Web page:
Fight for socialism enters new decade

Demonstration against ultra-rightists – Philadelphia

December 18, 2019

We are coming to the end of another year, another decade. What are the significant events to consider?

The U.S. war on Afghanistan, begun in 2001, continued, while the bankruptcy of U.S. imperialism was recently revealed by the Washington Post in “The Afghanistan Papers.” This review of internal U.S. government documents shows how those exercising state power, across three presidential administrations, intentionally and systematically lied about the purpose, price and likelihood of “winning” that war.

At the cost of trillions in money and thousands in lives, the U.S. has hung on in hope of claiming Afghanistan’s mineral deposits worth trillions to U.S. corporations.

We could list crime after crime committed in this decade by the U.S. in desperate search of expanding capitalist profits.

But the decade has another narrative to offer — the story of a growing mass struggle against capitalism.

2011 The Occupy Wall Street movement began on Sept. 7 in Zuccotti Park, New York City, where protesters issued a challenge to intertwined state and corporate power. Before police violence closed the encampment, the Occupy movement had spread throughout the U.S. and internationally. With the slogan “We are the 99%,” the movement denounced the wealthy 1% and corporate control over government.

2012 The 26,000 teachers in the Chicago Teachers Union won a contract redefining the struggle for the rights of education workers, and the right to education, in the U.S. Remaking itself into a member-driven, social-justice union, the CTU challenged the privatizing charter school movement and corporate control of public schools. The CTU strategy spread nationally into educator organizations and union halls. Beginning in 2016 #RedforEd teacher strikes swept from West Virginia to Oklahoma, Arizona, Colorado to the West Coast — and back to Chicago in 2019 — using rank-and-file worker and community power to fight for public schools.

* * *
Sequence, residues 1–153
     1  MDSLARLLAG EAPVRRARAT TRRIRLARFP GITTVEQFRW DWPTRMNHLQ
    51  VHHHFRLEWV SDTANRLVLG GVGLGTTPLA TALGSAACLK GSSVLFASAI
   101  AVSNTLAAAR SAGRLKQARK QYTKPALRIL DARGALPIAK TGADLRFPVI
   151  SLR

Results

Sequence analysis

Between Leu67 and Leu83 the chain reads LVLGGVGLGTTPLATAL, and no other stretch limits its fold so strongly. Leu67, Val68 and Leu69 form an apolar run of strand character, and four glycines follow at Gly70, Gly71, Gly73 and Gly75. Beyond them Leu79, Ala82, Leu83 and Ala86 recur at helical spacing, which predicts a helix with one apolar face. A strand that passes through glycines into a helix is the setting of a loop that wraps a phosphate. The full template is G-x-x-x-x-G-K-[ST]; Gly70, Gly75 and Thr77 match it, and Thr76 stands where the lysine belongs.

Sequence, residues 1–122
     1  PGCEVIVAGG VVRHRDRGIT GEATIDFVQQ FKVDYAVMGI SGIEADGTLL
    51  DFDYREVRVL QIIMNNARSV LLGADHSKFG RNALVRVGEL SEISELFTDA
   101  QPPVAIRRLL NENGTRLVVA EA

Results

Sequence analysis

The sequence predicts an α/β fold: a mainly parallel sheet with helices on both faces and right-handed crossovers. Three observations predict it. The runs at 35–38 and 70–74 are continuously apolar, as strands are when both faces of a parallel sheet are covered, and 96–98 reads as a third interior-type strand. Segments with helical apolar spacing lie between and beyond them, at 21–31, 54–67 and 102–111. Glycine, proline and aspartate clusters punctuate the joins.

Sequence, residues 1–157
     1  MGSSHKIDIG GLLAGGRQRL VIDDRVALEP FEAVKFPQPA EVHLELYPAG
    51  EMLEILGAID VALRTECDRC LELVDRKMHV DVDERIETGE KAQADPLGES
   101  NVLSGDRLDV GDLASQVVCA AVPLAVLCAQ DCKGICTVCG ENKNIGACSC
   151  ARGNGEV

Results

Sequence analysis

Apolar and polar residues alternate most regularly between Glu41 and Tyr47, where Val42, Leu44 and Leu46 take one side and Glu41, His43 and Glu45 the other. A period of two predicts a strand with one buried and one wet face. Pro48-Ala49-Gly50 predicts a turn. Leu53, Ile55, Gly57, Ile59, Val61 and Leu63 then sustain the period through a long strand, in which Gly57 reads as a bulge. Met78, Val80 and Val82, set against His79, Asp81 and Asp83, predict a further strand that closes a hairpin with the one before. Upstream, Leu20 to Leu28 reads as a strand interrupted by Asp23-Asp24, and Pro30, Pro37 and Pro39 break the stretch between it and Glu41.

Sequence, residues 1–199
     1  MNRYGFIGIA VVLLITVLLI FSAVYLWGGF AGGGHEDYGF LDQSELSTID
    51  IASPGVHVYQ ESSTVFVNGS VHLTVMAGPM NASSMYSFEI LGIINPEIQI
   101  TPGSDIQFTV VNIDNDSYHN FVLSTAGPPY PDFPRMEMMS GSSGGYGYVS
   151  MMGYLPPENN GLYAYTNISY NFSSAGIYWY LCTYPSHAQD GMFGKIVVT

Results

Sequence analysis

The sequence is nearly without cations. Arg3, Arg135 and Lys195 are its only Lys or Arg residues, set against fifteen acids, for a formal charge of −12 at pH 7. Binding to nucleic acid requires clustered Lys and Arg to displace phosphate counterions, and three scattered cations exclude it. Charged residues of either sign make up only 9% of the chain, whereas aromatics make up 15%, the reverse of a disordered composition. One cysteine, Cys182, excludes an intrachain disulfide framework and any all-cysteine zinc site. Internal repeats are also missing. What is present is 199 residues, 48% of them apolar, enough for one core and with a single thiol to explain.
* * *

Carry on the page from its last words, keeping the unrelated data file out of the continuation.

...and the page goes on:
2013 & 2014 Three radical Black organizers  — Alicia Garza, Patrisse Cullors and Opal Tometi — created #BlackLivesMatter after the
acquittal of the killer of African-American teenager Trayvon Martin. In growing outrage over continued murders and police killings of Black people, enormous mass marches and shut-downs militantly occupied highways, subway lines and buildings. The movement accelerated after the 2014 death-by-cop of African Americans Michael Brown in Ferguson, Mo., Eric Garner in New York City and Tamir Rice in Cleveland, and the banner of #BlackLivesMatter was lifted internationally.

Outside the Jefferson County courthouse, Feb. 9, 2015, in Birmingham, Ala.

2015 With a U.S. Supreme Court decision, same-sex marriage was legalized on a national basis–a survival right for LGBTQ2+ people to safeguard families and gain access to financial benefits. The ruling was won by almost 30 years of organizing, focusing first on decriminalizing sodomy — a felony prosecuted almost exclusively against LGBTQ2+ people. Massive civil disobedience at the Supreme Court in 1987 and years of state-by-state organizing resulted in SCOTUS striking down sodomy as a criminal act in 2003, ultimately paving the way to this win.

Standing Rock

2016 The Indigenous Water Protector actions at Standing Rock and the Dakota Access Pipeline protests began in early 2016 when Indigenous youth organized a direct action and social media campaign to stop the pipeline. Joined by adults, including Joye Braun of the Indigenous Environmental Network and tribal historian LaDonna Brave Bull Allard, they established a camp as the center for direct action, spiritual resistance to the pipeline, cultural preservation and defense of Indigenous sovereignty. During months of struggle, many peoples defended the land and water, often confronting U.S. state forces.